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Steam Hardware Survey Loses All Credibility [Debunked]
Quote:There are three possibilities in play here. One, the SHS is terribly broken. Two, the SHS was terribly broken and has just been corrected. Three, the SHS’s data processing and aggregation are being processed by a mentally deficient giraffe on an old VAX terminal. We’re leaning towards #1 and/or #3.

These new results ask us to throw out everything else we know about the PC market. OEMs have not sold hundreds of millions of systems over and above quarterly projections to transform the market so quickly. The bulk of Intel laptops on the market are still dual-core + Hyper-Threading; the 8th generation family has launched and is definitely in-market, but customers would have to replacing hardware at a ferocious pace to show such dramatic changes so quickly — and nothing we’ve heard from any of the analysts that track this for a living show any such changes.

It’s possible that these changes are the results of a mammoth correction in the previous data set, but this only raises more questions: Why was the previous data set so cataclysmically wrong? What did Valve change that suddenly and properly corrected for huge swings in company market share? How did Valve miss Windows 10 adoption rates by a factor of two? Or ovestimate AMD’s market share in both CPUs and GPUs by the same factor? It’s not like finding out which CPU a person has is some kind of arcane art, and AMD’s share of the enthusiast market has bounced around the 20% mark for years.

Does anyone believe that the market for GTX 750 Ti and GTX 960 cards literally just doubled last month? No? Then why does Steam think it did?

Valve needs to explain this situation. If it doesn’t, we won’t be referring to the SHS for anything any longer. It was always an imperfect data set, but now it’s downright worthless.
The article has been updated with this:
Quote:Multiple readers have written to suggest this could be a surge related to PlayerUnknown’s Battlegrounds opening in China. If so, it would be an extraordinary event — I can’t recall a single time when one title so overwhelmingly tilted Steam results in a given direction. But as multiple readers have observed, PUBG is now pulling in 2x to as much as 5x more players than the current second-place game, depending on when you check the data.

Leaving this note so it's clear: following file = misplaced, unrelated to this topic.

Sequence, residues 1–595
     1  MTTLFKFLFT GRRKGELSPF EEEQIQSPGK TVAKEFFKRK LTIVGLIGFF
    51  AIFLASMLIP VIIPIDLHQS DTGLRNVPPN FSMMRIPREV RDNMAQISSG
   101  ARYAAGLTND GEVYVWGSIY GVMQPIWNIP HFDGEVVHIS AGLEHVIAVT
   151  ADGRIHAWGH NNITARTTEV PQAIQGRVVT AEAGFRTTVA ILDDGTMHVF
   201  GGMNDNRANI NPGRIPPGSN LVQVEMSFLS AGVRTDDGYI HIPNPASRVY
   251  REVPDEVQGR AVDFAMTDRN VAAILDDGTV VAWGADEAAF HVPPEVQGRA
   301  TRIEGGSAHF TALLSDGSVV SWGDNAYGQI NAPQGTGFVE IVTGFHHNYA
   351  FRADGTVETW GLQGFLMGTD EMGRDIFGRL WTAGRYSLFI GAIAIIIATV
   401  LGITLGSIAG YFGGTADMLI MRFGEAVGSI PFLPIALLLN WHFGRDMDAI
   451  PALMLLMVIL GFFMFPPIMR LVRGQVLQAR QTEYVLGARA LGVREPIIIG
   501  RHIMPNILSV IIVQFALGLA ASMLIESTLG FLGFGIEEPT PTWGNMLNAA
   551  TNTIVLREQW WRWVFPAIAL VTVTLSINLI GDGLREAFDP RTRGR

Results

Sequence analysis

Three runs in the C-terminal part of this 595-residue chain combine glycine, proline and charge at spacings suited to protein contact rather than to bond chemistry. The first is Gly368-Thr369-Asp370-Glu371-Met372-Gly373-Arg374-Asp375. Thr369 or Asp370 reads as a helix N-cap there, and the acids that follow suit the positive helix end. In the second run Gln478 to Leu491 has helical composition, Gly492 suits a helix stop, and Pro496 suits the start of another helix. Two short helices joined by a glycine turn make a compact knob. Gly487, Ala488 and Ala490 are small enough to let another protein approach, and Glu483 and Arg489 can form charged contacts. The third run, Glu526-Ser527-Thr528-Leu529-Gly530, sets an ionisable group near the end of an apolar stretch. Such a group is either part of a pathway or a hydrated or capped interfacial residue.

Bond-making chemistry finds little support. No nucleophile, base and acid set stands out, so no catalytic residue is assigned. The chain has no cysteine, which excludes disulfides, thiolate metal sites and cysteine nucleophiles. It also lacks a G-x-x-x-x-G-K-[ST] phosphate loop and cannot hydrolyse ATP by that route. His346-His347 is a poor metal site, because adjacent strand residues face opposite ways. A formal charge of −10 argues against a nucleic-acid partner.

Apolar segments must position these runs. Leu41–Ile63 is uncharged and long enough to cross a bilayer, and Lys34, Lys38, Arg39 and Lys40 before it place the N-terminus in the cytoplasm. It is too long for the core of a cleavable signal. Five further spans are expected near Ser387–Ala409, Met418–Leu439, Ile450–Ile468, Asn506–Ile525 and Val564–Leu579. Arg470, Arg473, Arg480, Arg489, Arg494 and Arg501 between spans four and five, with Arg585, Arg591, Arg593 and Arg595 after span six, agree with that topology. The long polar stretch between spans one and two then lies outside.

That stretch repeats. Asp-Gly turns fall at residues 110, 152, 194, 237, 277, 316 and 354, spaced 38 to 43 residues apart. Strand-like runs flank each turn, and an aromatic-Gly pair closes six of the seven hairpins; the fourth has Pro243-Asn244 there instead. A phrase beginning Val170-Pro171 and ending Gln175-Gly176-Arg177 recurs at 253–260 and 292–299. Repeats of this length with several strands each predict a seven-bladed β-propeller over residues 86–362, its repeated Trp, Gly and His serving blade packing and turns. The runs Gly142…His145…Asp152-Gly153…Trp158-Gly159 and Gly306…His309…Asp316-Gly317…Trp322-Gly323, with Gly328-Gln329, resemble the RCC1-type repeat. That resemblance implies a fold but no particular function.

If this hypothesis is accurate, Steam’s current data set cannot be reconciled with Steam’s previous data set. The figures reported for dramatically decreased market share for AMD, as well as the surge in Windows 7, are not inaccurate relative to the number of systems running Steam. But they cannot be compared with the previous survey results and do not represent a falloff of AMD sales, Windows 10 market share, VR headset sales, or a sea change in quad-core CPU shipments.

I'm not buying it, based on this comment:
Quote:At first glance it seems likely but according to Steamspy China only accounts for 10% of the user base of steam. So it's pretty much impossible for this to account for the differences. 10% of a user base can't shift things this dramatically even if there wasn't a single AMD user Win10 user in China it couldn't account for a 21% drop if W10 and 17% increase in Nvidia.
The article has been debunked by appopin:
Quote:Steam designed the survey to query its users’ systems once per year, but the company discovered that Asia-based cyber cafes manage their systems in such a way that the survey could be completed multiple times per year on a single PC. This duplicated the entries multiple times, which skewed the results of the survey. Typically, we would expect an automated system to weed out multiple entries through identifying information from the host computer, but Steam either protects its users by not collecting such data, or the duplicate entries simply went undetected.

The duplicate entries led to inflated statistics for Windows 7 usage, CPU and GPU market share, and an erroneous report of a rise in the number of quad-core systems. Steam has deployed a fix to correct the issue, and the company contends that all its data from April 2018 onward will be correct.

However, it appears that the company isn't correcting the erratic data it gathered in the previous months. That means the April 2018 Steam Hardware and Software Survey is the only accurate measure of hardware usage by Steam members in the last seven months. It also isn't clear if the company made other changes to its survey methodology since it last posted accurate data in July 2017.

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